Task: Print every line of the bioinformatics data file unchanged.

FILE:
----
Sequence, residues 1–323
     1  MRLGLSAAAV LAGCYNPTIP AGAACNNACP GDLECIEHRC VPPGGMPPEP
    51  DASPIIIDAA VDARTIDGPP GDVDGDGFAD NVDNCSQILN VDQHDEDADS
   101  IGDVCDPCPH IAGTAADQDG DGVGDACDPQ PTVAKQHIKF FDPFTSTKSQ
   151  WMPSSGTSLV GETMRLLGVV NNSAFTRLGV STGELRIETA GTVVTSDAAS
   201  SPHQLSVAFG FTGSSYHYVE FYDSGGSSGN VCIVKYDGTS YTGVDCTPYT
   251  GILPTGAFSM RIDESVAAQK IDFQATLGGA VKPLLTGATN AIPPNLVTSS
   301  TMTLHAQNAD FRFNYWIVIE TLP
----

Sequence, residues 1–323
     1  MRLGLSAAAV LAGCYNPTIP AGAACNNACP GDLECIEHRC VPPGGMPPEP
    51  DASPIIIDAA VDARTIDGPP GDVDGDGFAD NVDNCSQILN VDQHDEDADS
   101  IGDVCDPCPH IAGTAADQDG DGVGDACDPQ PTVAKQHIKF FDPFTSTKSQ
   151  WMPSSGTSLV GETMRLLGVV NNSAFTRLGV STGELRIETA GTVVTSDAAS
   201  SPHQLSVAFG FTGSSYHYVE FYDSGGSSGN VCIVKYDGTS YTGVDCTPYT
   251  GILPTGAFSM RIDESVAAQK IDFQATLGGA VKPLLTGATN AIPPNLVTSS
   301  TMTLHAQNAD FRFNYWIVIE TLP